The world over, there are specialists desperately seeking alternative fuels for the internal combustion engine, from plastic bottles to plants, everything is getting closely looked at for any potential offerings.
So here we are taking a look a little deeper into Biodiesel, with the facts and figures, including some processing plant options.
Now, yes we know some of us who run those old mechanical diesels do not need to worry too much about specifics as we can just dump a bottle of cooking oil straight into the tank as long as we have some petroleum based diesel in there to mix it with.
However for those later more refined diesels, you may wish to read on ….
Biodiesel is a renewable, clean-burning diesel replacement that is reducing dependence on foreign petroleum imports, creating jobs and improving the environment. Made from a diverse mix of feed-stocks including recycled cooking oil, soybean oil, and animal fats, it is the first and only EPA-designated Advanced Biofuel in commercial scale production across the country and the first to reach 1 billion gallons of annual production.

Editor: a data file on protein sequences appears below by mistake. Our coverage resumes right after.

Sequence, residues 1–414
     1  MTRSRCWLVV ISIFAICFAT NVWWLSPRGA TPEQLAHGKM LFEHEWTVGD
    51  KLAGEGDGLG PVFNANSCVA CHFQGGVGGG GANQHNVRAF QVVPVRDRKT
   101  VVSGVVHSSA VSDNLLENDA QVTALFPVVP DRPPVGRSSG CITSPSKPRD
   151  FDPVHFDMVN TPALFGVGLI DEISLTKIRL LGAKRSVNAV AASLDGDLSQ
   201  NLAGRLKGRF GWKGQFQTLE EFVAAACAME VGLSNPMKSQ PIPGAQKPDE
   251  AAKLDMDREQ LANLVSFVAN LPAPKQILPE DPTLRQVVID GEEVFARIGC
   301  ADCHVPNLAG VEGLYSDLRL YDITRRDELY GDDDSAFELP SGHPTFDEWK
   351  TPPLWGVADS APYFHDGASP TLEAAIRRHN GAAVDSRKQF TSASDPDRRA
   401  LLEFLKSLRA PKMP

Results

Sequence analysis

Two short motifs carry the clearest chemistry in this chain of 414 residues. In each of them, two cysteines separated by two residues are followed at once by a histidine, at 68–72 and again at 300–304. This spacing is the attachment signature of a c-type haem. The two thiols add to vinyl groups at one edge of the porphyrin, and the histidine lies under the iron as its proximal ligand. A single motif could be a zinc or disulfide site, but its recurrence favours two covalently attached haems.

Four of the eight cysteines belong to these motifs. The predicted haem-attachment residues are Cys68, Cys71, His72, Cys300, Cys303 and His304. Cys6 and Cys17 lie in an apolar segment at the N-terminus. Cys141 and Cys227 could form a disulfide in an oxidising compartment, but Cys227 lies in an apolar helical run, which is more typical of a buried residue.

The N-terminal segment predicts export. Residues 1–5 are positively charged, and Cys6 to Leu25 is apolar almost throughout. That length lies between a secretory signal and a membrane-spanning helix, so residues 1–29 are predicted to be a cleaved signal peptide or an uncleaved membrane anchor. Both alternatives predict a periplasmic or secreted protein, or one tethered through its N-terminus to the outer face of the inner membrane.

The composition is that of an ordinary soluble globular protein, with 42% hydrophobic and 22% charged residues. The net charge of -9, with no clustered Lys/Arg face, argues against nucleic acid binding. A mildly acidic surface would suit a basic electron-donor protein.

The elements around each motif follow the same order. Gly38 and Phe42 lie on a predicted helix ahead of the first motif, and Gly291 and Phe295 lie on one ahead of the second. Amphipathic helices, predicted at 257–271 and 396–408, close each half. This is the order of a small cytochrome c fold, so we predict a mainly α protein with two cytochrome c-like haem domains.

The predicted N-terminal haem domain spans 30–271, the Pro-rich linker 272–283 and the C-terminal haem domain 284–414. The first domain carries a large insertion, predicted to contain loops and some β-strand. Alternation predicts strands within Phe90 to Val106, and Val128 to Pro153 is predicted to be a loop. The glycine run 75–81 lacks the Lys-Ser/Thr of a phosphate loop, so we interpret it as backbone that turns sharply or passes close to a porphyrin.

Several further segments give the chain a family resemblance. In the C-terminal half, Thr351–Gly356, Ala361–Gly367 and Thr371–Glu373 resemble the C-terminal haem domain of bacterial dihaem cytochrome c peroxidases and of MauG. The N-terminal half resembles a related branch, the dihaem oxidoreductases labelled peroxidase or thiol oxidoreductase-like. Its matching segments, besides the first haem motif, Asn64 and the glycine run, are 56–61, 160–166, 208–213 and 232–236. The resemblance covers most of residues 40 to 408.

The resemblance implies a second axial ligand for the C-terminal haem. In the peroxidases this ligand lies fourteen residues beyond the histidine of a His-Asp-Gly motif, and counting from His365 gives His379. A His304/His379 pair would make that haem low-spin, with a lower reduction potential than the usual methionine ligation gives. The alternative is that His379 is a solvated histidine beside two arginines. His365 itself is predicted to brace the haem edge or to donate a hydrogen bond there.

Meeting strict technical fuel quality and engine performance specifications, it can be used in existing diesel engines without modification and is covered by all major engine manufacturers’ warranties, most often in blends of up to 5% or 20% biodiesel. It’s produced at plants within the country.
With just over a decade of commercial scale production, the industry is proud of its careful approach to growth and strong focus on sustainability.
In the U.S. the biodiesel market has increased from about 25 million gallons in the early 2000s to more than 2.8 billion gallons of advanced biofuel in 2016. This represents a small but growing component of the annual U.S. on road diesel market of about 35 billion to 40 billion gallons. Although the Americans have embraced this fuel, here in the UK the growth is a little slower.
The U.S. fuel industry has established a goal of producing about 10 percent of the diesel transportation market by 2022.
Reaching that goal for the British transport industry would significantly lessen UK dependence on imported oil, reducing our trade deficit. At the same time, biodiesel’s growth would boost the UK economy, not just by creating jobs but also by reducing our dependence on global oil markets and vulnerability to price spikes.
UK TAX on Biodiesel …